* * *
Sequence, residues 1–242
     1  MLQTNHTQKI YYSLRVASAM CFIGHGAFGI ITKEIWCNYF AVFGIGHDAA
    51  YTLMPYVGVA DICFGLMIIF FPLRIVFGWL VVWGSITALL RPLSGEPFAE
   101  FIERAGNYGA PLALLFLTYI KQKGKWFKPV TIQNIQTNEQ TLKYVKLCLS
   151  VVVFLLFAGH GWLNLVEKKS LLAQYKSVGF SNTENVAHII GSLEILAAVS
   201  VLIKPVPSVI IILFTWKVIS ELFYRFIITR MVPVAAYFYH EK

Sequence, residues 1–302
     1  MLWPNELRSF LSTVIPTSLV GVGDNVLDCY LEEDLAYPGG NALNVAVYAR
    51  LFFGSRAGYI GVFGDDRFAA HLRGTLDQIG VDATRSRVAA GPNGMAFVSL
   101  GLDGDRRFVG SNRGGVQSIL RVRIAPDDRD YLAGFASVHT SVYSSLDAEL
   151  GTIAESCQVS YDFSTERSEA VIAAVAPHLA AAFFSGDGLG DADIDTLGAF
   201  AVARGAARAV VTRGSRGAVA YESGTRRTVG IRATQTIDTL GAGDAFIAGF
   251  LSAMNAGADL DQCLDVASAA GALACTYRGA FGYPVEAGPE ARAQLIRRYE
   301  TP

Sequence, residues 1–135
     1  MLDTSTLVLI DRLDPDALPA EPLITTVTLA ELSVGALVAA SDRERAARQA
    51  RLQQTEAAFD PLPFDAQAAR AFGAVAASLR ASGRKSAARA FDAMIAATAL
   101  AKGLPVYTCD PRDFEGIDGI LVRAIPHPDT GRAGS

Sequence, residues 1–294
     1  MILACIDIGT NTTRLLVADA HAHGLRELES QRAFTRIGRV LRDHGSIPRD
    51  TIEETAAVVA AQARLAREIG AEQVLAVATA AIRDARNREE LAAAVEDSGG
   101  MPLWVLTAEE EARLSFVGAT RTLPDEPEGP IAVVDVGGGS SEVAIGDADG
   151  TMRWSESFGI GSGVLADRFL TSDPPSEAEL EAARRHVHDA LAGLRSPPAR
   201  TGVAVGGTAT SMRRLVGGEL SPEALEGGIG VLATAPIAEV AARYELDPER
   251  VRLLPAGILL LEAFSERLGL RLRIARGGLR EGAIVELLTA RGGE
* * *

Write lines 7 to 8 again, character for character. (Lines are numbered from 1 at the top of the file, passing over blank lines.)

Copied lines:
Sequence, residues 1–302
     1  MLWPNELRSF LSTVIPTSLV GVGDNVLDCY LEEDLAYPGG NALNVAVYAR